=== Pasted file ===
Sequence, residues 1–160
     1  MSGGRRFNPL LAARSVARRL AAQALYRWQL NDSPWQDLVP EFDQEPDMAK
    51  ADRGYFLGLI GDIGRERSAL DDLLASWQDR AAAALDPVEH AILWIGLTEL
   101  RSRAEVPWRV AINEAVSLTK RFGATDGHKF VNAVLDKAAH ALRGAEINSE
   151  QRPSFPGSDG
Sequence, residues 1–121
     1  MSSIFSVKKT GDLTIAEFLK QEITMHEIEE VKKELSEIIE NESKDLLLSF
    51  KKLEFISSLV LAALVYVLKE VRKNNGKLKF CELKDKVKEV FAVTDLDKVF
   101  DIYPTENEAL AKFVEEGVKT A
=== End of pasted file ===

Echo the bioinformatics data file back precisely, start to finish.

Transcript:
Sequence, residues 1–160
     1  MSGGRRFNPL LAARSVARRL AAQALYRWQL NDSPWQDLVP EFDQEPDMAK
    51  ADRGYFLGLI GDIGRERSAL DDLLASWQDR AAAALDPVEH AILWIGLTEL
   101  RSRAEVPWRV AINEAVSLTK RFGATDGHKF VNAVLDKAAH ALRGAEINSE
   151  QRPSFPGSDG
Sequence, residues 1–121
     1  MSSIFSVKKT GDLTIAEFLK QEITMHEIEE VKKELSEIIE NESKDLLLSF
    51  KKLEFISSLV LAALVYVLKE VRKNNGKLKF CELKDKVKEV FAVTDLDKVF
   101  DIYPTENEAL AKFVEEGVKT A